Swordfish with Puttanesca Relish

Total Time:
1 hr
Prep:
15 min
Inactive:
30 min
Cook:
15 min

Yield:
4 servings
Level:
Easy

Directions

1 1/2 pounds ripe plum or heirloom tomatoes, cored, seeded, and roughly chopped (about 2 1/2 cups)
1 1/2 tablespoons extra-virgin olive oil
1 tablespoon red wine vinegar

1 teaspoon minced garlic
1 1/2 teaspoons anchovy paste (2 chopped fillets)
1/2 cup pitted and halved kalamata olives
1/2 cup pitted and halved green olives
2 tablespoons drained capers and 1 tablespoon caper juice
1/2 teaspoon crushed red pepper
1 teaspoon salt
2 teaspoons chopped fresh basil leaves plus 4 sprigs, for garnish
1 teaspoon chopped fresh parsley leaves
1/2 teaspoon chopped fresh oregano leaves
4 (6 to 7-ounce) fillets swordfish, about 11/2 inches thick
2 teaspoons Essence or Creole seasoning, recipe follows
1/2 teaspoon freshly ground black pepper
1 to 2 tablespoons olive oil
 

Combine tomatoes, extra-virgin olive oil, vinegar, garlic, anchovy paste, olives, capers, caper juice, crushed red pepper, basil, parsley, oregano and 1/2 teaspoon of the salt in a large, non-reactive bowl. Stir well to combine. Allow the mixture to sit at room temperature for 30 minutes to 1 hour, to allow the flavors to blend.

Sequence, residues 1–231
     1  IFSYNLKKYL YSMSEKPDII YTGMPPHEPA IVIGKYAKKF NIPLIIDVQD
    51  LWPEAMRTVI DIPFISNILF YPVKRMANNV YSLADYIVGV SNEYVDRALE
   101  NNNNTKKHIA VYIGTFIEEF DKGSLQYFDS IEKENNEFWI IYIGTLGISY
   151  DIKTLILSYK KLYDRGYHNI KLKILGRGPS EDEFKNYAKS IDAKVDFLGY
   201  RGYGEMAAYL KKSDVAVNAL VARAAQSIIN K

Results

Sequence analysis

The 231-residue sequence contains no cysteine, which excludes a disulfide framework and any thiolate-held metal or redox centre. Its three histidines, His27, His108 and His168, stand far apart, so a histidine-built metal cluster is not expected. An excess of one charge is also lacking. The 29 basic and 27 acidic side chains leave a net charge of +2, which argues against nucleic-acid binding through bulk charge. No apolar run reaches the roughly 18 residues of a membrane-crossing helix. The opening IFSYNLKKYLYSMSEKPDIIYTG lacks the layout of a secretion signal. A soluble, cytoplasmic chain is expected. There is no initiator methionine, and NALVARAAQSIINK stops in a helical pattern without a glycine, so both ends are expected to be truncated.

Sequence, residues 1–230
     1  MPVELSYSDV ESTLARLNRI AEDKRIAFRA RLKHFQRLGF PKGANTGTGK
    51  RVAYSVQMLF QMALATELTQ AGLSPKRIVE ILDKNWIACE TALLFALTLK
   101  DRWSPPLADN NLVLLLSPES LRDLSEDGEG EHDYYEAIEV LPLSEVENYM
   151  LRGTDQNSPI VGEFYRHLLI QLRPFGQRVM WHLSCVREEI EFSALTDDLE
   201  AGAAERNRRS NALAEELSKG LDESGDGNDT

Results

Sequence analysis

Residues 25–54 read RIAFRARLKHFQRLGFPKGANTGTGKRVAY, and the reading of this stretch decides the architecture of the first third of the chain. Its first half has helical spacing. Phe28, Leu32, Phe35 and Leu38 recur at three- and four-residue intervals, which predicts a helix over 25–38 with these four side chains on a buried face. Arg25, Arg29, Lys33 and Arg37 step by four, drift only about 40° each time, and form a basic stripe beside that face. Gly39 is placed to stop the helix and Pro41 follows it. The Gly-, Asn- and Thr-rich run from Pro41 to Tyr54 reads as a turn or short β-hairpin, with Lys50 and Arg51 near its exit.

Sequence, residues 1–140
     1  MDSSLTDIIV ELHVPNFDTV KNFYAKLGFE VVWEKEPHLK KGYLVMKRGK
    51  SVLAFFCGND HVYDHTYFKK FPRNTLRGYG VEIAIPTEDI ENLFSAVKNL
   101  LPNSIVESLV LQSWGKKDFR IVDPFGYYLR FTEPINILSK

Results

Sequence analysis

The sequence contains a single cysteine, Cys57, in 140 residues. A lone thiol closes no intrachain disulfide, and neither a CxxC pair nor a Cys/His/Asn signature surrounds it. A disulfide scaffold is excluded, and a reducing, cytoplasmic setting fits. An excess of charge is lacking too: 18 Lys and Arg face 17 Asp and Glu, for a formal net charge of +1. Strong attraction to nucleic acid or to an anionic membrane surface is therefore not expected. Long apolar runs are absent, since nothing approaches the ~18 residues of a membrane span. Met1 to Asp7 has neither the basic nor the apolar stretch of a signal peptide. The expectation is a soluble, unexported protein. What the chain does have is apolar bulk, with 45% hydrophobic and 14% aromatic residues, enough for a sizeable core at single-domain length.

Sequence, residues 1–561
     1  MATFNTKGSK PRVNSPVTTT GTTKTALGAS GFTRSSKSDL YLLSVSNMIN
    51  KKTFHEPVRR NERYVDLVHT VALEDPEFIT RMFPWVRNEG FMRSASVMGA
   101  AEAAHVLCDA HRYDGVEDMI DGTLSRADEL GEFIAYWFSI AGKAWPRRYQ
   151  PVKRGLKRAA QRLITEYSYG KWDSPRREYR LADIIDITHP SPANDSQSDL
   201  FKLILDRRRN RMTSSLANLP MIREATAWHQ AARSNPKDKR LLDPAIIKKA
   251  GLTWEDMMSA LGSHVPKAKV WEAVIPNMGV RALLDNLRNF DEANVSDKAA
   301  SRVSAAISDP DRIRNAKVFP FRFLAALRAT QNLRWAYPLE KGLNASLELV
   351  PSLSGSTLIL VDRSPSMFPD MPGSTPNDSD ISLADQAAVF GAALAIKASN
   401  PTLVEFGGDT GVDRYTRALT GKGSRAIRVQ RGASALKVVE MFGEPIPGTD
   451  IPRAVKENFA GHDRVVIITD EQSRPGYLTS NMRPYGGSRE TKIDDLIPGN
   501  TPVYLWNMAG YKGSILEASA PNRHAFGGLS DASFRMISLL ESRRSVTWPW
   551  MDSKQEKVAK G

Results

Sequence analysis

Season swordfish fillets with the Essence, black pepper, and remaining 1/2 teaspoon of salt. Heat the olive oil in a large saute pan over medium-high heat. Add the swordfish and cook 2 minutes on each side for medium-rare to medium. Transfer the fish to 4 large plates. Add the tomato mixture to the hot pan and cook until just heated through, about 1 minute.
 
To serve, spoon the puttanesca relish over the fillets and garnish each plate with the fresh basil. Serve immediately.

Emeril's ESSENCE Creole Seasoning (also referred to as Bayou Blast):
2 1/2 tablespoons paprika
2 tablespoons salt
2 tablespoons garlic powder
1 tablespoon black pepper
1 tablespoon onion powder
1 tablespoon cayenne pepper
1 tablespoon dried oregano
1 tablespoon dried thyme
 
Combine all ingredients thoroughly.
 
Yield: 2/3 cup
 
Recipe from “New New Orleans Cooking”, by Emeril Lagasse and Jessie Tirsch
Published by William and Morrow, 1993.
 


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